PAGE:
Maryland Democrats plan to propose legislation next year that would automatically place eligible residents on state voter rolls, a move that would make Maryland the third state to adopt what advocates call a “universal registration” system.
State Sen. Roger P. Manno (D-Montgomery) has pre-filed a bill for the 2016 legislative session to implement such a plan, and Del. Eric G. Luedtke (D-Montgomery) said he is drafting a similar measure to introduce in the House.
Senate President Thomas V. Mike Miller (D-Calvert) and House Speaker Michael E. Busch (D-Anne Arundel) have indicated that they might push for automatic registration next year as a way to increase voting accessibility.
Busch’s chief of staff, Alexandra Hughes, said the speaker is “very supportive” of automatic registration, and an aide to Miller said the senator thinks lawmakers should seriously consider any measures that increase the number of eligible voters who are registered.
The two states that already have adopted similar registration systems are, like Maryland, heavily Democratic. Republicans have largely opposed such measures, criticizing them as Democratic attempts to find new voters who are likely to support the Democratic Party.
Oregon registers all eligible voters who get drivers’ licenses and mails ballots to them at election time. California automatically adds eligible voters to its voter rolls when they renew their drivers’ licenses but also offers them an opportunity to opt out.
The Maryland system would be more proactive, using government databases to identify all who are eligible to vote and register them. The state would inform them that they can opt out.
The Baltimore Sun first reported the Democrats’ proposals Thursday.
Maryland Gov. Larry Hogan (R) has not taken a position on universal registration. New Jersey Gov. Chris Christie (R), a political mentor and close friend of Hogan’s, vetoed an automatic voter-registration measure that New Jersey’s Democratic-controlled legislature passed this year.
“The administration will examine the proposal and will consider its merits if it moves closer to the governor’s desk for signature,” Hogan spokesman Matt Clark said. “Obviously, issues like cost, fairness and practicality are always important considerations in any new legislation.”
Joe Cluster, executive director of the Maryland Republican Party, said automatic registration would make elections more vulnerable to fraud by signing up people who do not plan to vote or are not motivated to do so.
“I’m sorry, but adding that many inactive people to the rolls — we don’t have a way to verify them,” he said.
Cluster also said that proactively registering voters is not one of government’s responsibilities. “I have a real problem philosophically with government deciding to do something for you,” he said. “There are countries that fine people who don’t vote. Is that next? We’re already fined for not having health care.”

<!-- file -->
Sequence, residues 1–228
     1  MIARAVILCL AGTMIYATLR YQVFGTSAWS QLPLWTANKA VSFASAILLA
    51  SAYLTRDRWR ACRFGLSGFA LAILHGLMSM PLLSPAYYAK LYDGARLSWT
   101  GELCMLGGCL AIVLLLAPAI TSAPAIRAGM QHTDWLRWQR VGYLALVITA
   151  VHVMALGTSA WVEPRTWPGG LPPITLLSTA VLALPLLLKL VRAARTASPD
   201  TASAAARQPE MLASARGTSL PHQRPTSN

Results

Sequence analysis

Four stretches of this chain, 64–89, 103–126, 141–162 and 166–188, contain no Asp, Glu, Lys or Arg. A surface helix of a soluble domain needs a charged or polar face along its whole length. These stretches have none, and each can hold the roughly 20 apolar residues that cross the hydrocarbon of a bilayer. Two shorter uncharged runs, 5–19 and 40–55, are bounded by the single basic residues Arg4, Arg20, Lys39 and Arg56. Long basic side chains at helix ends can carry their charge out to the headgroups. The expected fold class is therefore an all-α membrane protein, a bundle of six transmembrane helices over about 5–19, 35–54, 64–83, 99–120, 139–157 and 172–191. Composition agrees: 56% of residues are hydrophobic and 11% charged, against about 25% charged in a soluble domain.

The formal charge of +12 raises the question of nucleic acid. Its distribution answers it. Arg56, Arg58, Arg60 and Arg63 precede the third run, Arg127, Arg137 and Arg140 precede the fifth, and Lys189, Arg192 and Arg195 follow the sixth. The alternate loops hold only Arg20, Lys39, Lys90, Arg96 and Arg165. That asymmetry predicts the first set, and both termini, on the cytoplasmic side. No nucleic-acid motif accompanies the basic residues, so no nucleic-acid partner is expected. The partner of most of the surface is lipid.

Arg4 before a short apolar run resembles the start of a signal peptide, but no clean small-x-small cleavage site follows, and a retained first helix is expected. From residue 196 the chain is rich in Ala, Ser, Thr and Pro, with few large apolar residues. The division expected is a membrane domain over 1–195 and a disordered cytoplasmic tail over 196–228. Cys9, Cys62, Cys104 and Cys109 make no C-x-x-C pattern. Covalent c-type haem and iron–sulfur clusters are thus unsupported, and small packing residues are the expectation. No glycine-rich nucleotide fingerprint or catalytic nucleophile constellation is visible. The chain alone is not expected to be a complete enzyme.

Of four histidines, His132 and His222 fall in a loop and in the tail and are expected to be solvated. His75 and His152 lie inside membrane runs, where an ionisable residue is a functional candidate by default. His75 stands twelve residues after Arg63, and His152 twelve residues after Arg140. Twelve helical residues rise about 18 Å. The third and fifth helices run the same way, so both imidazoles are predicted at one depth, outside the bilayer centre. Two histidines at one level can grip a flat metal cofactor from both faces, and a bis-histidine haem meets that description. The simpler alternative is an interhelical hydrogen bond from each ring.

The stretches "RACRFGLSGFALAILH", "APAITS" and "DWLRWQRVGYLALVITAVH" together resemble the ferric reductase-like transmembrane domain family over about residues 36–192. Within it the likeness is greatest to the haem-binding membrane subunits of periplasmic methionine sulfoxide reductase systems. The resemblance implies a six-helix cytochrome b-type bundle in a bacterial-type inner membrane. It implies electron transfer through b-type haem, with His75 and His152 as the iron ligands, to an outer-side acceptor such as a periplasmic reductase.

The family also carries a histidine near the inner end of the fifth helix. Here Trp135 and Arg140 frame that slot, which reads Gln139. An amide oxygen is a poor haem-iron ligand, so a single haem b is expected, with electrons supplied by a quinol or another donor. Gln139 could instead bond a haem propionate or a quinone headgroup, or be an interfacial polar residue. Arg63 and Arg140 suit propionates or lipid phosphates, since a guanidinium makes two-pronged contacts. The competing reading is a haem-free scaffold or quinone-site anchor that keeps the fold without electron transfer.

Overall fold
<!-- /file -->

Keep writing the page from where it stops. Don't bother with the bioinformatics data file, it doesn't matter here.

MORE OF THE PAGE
Manno disagreed, saying the state should do everything it can to increase voter participation. He and other Democrats say that little extra spending would be required for a system of automatic registration and that cost should not be the primary consideration.
“It’s my belief that government should make people’s lives easier, not more difficult,” Manno said. “That’s what we’re trying to do here — enfranchise as many people as possible and make their busy lives a little easier.”
Luedtke said fraud would be unlikely under his plan, because the process would involve the Motor Vehicle Administration’s licensing process, which requires documentary verification of each person’s identity.
Under Maryland’s current system, an eligible resident can register to vote in one of three ways: online; when obtaining a driver’s license; or through voter-registration drives. Advocates of universal registration say the existing system can disadvantage the poor, many of whom do not have drivers’ licenses or Internet access.
Under Manno’s plan, the MVA, social-services agencies and the state’s health exchange would forward to election officials data about anyone who meets the age, residency and citizenship criteria to vote. Election officials would sort through the data to determine who would be eligible voters on Election Day.
Luedtke has a similar plan that he thinks would minimize any risk that automatic registration would pose to the immigration status of green-card holders — who are not eligible to vote in state and national elections. His plan would require agencies to preemptively inform eligible voters that they can opt out of being registered.